Cast: Pranutan Bahl, Zaheer Iqbal and Muazzam Bhat
Director: Nitin Kakkar
Rating: One star (out of five)
Can picture-postcard images paper over misshapen pockmarks left on a film by a pair of rough-on-the-edges new actors finding their tentative way through a sloppy screenplay and going around in circles? If Notebook, Nitin 'Filmistaan' Kakkar's third film, is anything to go by, the answer is a big, resounding no. The callow lead pair, Zaheer Iqbal and Pranutan Bahl, are called upon to exude unadulterated passion in an affected love story in which they do not physically meet until the very end of the film. By then, Notebook is in tatters and the audience is snoring (that is if the ear-splitting background score lets you doze off).
Cinematographer Manoj Kumar Khatoi's camerawork captures lush, stunning Kashmiri vistas - undulating landscapes covered with flaming chinar leaves, water bodies refracting the sun and the moon in all their splendour, snow-covered peaks peeping into the lens from a distance - in a steady stream that lends the film its surface sheen. It is captivating all right, but it cannot pull Notebook out of the senseless narrative swamp that it wades through in its attempt to deliver an unusual story of young love set in a strife-ridden paradise where anger and anguish reside side by side.
Adapted by screenwriter Darab Farooqui from Teacher's Diary, Thailand's official entry for the Oscars in 2014, Notebook transports the original tale from a rural school to a remote location in the Valley, where a small institution floating in a lake is on the verge of being shut because it does not have a teacher. The handful of students who once attended the school are at a loose end. An ex-soldier, Kabir Kaul (Iqbal), a Kashmiri Pandit nursing the guilt of having failed to save a boy from a landmine, arrives to fill the breach.
Abbas Kiarostami kind of touches - a protagonist trying to seek a vantage point from where he can connect his handset to a mobile telephone service - are inevitable in a location such as this. The network is spotty here. A boatman tells Kabir that mobiles work in this part of the world only when the mausam (weather) and mahaul (environment) are conducive, which, he hastens to add, is rarely the case.
On another occasion, Kabir, whose family was forced to flee to Jammu when the Kashmir conflict erupted in the late 1980s, is told that the school is so far from civilization that even ummeed (hope) takes forever to get there. The dialogues, written by Sharib Hashmi (who played the lead in Kakkar's 2012 National Award-winning film Filmistaan) and Payar Ashar Chohan, fluctuates between the meaningful and the prosaic. One line that is repeated ad nauseum and becomes a leitmotif of sorts goes thus: Andhere ko andhere se nahi mitaaya jaa sakta, ussey roshni ki zaroorat hoti hai (Darkness cannot kill darkness, only light can).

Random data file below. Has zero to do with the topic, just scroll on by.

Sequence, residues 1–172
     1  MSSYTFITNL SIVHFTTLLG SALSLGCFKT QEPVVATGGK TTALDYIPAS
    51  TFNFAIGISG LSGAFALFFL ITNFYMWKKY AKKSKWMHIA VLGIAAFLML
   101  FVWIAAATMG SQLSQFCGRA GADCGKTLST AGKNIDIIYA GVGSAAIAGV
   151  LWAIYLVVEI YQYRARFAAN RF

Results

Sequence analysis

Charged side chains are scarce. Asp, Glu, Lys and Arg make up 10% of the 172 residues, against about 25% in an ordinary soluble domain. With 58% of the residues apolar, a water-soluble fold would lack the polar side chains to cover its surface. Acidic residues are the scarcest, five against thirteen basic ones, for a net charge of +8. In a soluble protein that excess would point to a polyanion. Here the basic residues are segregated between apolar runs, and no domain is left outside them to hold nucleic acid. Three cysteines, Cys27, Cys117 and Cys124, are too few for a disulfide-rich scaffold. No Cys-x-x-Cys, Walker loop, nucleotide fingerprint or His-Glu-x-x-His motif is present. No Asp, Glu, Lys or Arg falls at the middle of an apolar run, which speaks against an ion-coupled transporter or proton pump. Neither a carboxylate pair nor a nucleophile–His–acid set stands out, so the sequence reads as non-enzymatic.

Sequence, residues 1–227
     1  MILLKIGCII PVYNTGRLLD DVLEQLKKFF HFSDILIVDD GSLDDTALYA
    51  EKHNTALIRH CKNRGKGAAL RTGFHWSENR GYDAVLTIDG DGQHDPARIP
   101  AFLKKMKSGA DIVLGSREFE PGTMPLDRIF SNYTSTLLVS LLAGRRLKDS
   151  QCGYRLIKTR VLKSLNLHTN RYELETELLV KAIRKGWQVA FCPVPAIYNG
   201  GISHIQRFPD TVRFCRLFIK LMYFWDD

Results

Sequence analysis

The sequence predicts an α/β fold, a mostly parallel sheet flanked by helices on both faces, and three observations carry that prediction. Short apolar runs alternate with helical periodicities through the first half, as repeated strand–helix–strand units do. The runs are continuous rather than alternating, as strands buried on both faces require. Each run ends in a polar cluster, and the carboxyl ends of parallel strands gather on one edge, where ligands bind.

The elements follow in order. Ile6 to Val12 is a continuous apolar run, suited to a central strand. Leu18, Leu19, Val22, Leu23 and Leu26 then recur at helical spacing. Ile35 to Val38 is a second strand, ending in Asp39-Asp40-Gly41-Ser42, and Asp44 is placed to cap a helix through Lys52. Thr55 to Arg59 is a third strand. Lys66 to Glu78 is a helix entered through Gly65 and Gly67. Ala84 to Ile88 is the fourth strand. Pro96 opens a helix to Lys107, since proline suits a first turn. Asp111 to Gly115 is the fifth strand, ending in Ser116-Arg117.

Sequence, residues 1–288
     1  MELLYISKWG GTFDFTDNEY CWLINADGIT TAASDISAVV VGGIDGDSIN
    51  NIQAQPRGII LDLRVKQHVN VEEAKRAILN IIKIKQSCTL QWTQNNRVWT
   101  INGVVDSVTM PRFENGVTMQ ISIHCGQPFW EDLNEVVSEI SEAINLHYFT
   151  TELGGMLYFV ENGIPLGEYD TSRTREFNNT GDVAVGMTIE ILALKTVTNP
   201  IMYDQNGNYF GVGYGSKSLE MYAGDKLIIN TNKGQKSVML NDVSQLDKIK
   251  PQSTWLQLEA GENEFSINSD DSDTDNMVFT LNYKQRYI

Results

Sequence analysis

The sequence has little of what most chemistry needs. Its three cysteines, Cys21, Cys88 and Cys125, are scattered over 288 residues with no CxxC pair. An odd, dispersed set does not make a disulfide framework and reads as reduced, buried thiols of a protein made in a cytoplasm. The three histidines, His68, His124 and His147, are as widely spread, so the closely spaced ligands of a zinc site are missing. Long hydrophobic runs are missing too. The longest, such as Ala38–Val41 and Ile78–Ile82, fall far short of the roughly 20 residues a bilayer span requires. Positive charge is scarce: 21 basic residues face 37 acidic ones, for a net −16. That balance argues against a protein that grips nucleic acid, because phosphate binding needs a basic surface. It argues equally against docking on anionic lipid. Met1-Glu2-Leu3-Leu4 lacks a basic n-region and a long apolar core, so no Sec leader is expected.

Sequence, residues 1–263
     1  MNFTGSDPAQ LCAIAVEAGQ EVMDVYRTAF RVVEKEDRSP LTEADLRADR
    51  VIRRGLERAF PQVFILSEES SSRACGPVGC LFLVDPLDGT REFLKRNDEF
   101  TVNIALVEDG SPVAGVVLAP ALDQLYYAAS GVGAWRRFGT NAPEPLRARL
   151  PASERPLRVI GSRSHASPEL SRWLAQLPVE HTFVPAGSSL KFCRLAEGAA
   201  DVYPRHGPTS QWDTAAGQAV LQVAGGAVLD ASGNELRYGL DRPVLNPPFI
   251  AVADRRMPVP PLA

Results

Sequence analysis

It is spoken in the context of a bright schoolboy whose father is a fundamentalist (Mir Sarwar) bent upon putting an end to his education. The tussle between the gun and the blackboard is one of the key narrative strands of Notebook - it forms the spine of the film's climax - but its introduction into what is essentially a fluffy love story is rather laboured. As long as the children (all acted by local first-timers) are on the screen, Notebook yields some joy. The rest is dreary enough to be a cure of insomnia.
Returning to the plot, Kabir is no great shakes as a teacher and it takes a while for the five lovely children in his charge - two boys and three girls - to warm up to him. But the students never stop missing Kabir's predecessor, Firdaus (Bahl), who was an infinitely superior teacher. His lonesome life takes a turn when he finds a diary left behind by Firdaus.
The girl's free-wheeling ruminations on her likes and dislikes, her ups and downs, her struggles to break free from a domineering boyfriend (Muazzam Bhat) and her unshakeable belief in the transformative power of education inexorably draw Kabir towards her. He adds his comments in response to her jottings in the diary as he goes along. Soon, Kabir's limitations as a teacher begins to tell on the performance of the students and he is sent away to be replaced by Firdaus. It is now her turn to read Kabir's innermost thoughts. True love blossoms for the first time in her heart. Two perfect strangers separated by time and temperament become soulmates.
The diary is a pretext for many flashbacks that reveal the back stories of the two principal characters. One of them centres on Kabir's girlfriend who, tired of waiting for him, has found a new lover. When the hero learns of the development, he is livid. He switches to army man mode and beats his rival to pulp. The girl is unimpressed.
Notebook is presented by Salman Khan's production company, but do not expect the advent of Zaheer Iqbal to be epochal. He is no patch on Bollywood's lover boys. Not only is he a single-expression actor, he needs to work on his dialogue delivery. He seems at times to rush through his lines. Pranutan Bahl, the granddaughter of one of the finest actresses that Hindi cinema has ever produced, isn't a finished article. But because she is a chip off the old block, we will watch her progress with keen interest while wishing that her next project isn't as pedestrian as Notebook.
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